Migrant Life Stories as Digital Heritage


  • Malin Thor Tureby
  • Jesper Johansson




migrants, digitization, oral history, patrimonialization, digital heritage, participation, co-creation, life stories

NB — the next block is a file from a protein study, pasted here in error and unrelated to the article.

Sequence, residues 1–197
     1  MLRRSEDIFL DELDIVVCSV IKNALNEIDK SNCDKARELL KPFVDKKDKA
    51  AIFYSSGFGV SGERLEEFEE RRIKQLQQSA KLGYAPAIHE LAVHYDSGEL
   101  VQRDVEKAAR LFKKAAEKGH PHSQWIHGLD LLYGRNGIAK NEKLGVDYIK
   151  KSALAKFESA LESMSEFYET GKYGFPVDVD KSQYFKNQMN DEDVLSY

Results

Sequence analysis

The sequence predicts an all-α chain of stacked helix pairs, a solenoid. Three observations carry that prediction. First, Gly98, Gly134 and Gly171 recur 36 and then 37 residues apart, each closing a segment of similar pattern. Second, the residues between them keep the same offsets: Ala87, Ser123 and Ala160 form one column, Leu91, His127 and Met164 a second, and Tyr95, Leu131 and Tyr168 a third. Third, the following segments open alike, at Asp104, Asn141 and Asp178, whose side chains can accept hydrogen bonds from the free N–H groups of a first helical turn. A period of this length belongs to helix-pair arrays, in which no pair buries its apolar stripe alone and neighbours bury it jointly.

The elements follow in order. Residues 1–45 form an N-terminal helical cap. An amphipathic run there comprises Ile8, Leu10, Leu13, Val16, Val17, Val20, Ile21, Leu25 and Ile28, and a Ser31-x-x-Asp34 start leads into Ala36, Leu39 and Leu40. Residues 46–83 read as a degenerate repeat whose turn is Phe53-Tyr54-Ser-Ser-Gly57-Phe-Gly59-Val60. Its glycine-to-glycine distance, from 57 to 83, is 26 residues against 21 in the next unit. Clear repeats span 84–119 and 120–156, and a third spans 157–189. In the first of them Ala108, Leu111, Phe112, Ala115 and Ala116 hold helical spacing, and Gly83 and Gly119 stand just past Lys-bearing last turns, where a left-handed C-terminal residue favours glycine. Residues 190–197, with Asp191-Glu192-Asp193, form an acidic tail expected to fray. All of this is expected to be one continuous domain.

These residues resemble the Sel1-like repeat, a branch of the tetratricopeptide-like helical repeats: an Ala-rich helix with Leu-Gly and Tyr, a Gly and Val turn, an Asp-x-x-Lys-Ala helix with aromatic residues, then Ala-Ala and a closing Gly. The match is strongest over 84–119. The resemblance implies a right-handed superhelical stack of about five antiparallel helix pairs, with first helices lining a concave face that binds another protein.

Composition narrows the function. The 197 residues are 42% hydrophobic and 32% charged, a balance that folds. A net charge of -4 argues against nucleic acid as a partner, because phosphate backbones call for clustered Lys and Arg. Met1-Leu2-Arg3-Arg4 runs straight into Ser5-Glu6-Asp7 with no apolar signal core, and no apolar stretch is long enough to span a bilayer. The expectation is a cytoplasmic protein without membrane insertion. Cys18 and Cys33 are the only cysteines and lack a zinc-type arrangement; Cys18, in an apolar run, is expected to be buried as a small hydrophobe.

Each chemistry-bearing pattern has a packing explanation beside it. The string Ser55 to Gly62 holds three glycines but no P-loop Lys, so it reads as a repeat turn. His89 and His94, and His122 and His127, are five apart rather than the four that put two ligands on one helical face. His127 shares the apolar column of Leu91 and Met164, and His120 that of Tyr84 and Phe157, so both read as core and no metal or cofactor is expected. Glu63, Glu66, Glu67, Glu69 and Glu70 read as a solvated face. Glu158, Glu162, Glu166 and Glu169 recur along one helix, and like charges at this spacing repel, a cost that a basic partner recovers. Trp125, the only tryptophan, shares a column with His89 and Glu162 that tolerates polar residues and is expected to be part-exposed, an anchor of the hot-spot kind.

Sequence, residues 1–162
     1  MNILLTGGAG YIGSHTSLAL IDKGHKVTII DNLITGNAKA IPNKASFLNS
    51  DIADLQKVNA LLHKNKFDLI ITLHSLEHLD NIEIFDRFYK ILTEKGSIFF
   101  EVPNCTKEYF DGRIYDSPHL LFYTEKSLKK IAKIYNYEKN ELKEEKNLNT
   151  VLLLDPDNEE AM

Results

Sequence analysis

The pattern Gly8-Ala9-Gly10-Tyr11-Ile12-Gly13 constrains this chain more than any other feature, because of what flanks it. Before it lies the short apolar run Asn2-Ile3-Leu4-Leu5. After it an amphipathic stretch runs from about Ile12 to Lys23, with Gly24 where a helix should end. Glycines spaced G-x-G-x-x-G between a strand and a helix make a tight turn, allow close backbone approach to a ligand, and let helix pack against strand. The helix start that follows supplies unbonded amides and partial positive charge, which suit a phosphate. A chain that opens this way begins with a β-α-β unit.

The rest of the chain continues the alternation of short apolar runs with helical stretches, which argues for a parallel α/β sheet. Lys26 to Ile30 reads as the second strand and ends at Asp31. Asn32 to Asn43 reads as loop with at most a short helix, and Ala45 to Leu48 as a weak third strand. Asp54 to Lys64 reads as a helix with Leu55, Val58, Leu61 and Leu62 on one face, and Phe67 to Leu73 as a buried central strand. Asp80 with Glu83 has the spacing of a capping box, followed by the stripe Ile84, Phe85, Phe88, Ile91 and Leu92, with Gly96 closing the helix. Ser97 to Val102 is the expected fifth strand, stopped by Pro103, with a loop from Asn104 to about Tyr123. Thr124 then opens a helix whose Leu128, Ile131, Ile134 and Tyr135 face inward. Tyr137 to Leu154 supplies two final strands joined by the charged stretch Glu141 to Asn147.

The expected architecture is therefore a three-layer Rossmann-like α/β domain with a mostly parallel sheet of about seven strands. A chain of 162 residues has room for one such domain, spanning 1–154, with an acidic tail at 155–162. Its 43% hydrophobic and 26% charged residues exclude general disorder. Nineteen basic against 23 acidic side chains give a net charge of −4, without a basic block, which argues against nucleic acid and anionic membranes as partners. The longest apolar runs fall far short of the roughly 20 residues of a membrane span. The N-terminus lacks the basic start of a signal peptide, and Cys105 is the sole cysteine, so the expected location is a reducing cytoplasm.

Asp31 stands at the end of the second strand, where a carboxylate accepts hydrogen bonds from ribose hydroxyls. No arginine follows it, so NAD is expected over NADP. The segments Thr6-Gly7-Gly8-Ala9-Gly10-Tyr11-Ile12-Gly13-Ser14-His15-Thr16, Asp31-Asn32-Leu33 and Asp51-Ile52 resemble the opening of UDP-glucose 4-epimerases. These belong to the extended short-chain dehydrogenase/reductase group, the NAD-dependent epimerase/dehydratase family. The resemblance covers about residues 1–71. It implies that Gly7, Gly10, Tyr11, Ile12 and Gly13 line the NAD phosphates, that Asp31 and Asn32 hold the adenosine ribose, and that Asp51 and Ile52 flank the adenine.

Following the ambitions of international and national policy makers to digitalize the cultural heritage sector, a growing research field that deals with digitalization and cultural heritage has emerged. However, it has been argued that too much focus has been placed on technology and information policy issues and that research on how to achieve administrative effectiveness and preservation has taken precedence over studies of different actors’ engagement, participation and access to cultural heritage. Previous studies have also tended to problematize the “hows” rather than the “whys” of processes associated with digital heritage and digitalization. In addition, research has shown that collections documenting minorities and marginalized groups have been excluded from national strategies concerning the digitalization of cultural heritage. Therefore, the aim of this article is to investigate why and under what conditions digital heritage about and with migrants has been initiated, created and curated. We study the motives and the roles of different stakeholders in the digitization and patrimonialization processes of one collection containing life stories from migrants. Furthermore, in the article we understand stakeholders not only as decision makers, owners or managers, but also as any person or organization that feels affected by whatever happens to the object or piece defined as heritage. Consequently, a central element in the methodology of this research was the interviews conducted with crucial actors in relation to their engagements with the studied collection. During the interviews, we paid specific attention to the different motives of the involved stakeholders and why it was important to them that the collection was created and digitized.


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